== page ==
Friday, March 21, 2014
Paula Span, writing for the New York Times' column, The New Old Age, offers several perspectives on the Vi of Palo Alto lawsuit filed by residents at this high-end, California continuing care retirement community (CCRC). In her first piece, "CCRC Residents Ask, 'Where's the Money?'" she sets forth competing viewpoints of the parties:
Though their suit covers several matters, concern over eventual refunds is at heart of the battle. In their complaint, the plaintiffs call the transfer of money from the local provider to its Chicago parent company “upstreaming.”
Management calls it standard business practice. Entrance fee repayments come not from a reserve, but from the eventual resale of an apartment after a resident moves out or dies, said Paul Gordon, a lawyer for Vi. “Once I pay someone, I can’t tell them what to do with it afterwards,” he said. “It’s their money.”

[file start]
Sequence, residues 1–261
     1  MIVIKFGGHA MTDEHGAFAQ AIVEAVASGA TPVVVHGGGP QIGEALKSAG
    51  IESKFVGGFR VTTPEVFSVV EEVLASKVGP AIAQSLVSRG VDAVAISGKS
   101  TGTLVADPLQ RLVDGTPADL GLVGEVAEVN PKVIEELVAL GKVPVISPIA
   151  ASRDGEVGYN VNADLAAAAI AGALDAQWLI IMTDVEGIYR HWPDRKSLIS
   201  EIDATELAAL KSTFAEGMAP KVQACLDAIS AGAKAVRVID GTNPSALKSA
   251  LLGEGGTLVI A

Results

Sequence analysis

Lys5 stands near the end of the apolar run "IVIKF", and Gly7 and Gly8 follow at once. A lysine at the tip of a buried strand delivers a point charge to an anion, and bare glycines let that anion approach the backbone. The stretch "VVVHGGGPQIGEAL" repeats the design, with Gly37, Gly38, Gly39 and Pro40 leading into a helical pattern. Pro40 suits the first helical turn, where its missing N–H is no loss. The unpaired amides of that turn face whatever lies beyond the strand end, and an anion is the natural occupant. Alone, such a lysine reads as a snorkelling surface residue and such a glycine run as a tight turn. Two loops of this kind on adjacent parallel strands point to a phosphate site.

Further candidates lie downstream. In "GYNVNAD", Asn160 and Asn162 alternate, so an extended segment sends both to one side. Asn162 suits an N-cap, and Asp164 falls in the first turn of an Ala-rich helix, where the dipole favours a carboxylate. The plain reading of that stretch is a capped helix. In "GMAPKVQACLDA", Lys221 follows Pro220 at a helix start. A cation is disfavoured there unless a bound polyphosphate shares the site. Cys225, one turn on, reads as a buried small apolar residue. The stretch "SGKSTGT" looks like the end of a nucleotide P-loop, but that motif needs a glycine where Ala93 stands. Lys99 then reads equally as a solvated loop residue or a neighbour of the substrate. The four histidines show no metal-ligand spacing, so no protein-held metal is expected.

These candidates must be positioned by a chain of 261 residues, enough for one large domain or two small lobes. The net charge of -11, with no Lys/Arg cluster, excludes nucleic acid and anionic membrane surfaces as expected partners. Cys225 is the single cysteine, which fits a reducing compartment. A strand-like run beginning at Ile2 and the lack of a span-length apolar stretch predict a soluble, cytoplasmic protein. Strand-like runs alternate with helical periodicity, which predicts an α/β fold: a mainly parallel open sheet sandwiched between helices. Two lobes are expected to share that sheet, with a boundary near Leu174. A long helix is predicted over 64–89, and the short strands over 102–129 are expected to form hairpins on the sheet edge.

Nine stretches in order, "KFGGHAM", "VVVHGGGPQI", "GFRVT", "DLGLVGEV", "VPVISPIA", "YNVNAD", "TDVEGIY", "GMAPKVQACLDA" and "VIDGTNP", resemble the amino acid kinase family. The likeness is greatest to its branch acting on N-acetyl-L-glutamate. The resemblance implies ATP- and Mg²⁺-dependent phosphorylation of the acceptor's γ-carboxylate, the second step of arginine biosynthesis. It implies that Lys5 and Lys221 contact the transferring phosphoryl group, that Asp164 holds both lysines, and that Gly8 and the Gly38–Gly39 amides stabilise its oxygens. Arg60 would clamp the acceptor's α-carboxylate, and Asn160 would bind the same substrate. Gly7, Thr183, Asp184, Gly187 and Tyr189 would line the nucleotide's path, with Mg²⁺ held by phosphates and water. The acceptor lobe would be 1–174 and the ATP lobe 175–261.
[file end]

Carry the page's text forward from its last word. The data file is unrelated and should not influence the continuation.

“The payments are going to be made,” Mr. Gordon said. “The rest is eligible for distribution as a return on investment” — i.e., as profit.
That’s a different arrangement from what residents believe they signed up for. Because the Chicago company has not assumed the debt owed for eventual refunds, residents “lost all the security and peace of mind they had paid for,” Mr. McCarthy [the attorney for Vi plaintiffs] said.
In her second article released the next day, Ms. Span takes a broader view than the single lawsuit involving Vi of Palo Alto, noting that "In Many States, Few Legal Rights for CCRC Residents," citing some of my work with states where resident-inspired changes are under consideration, and noting the important work of the National Continuing Care Residents Association, also known as NaCCRA.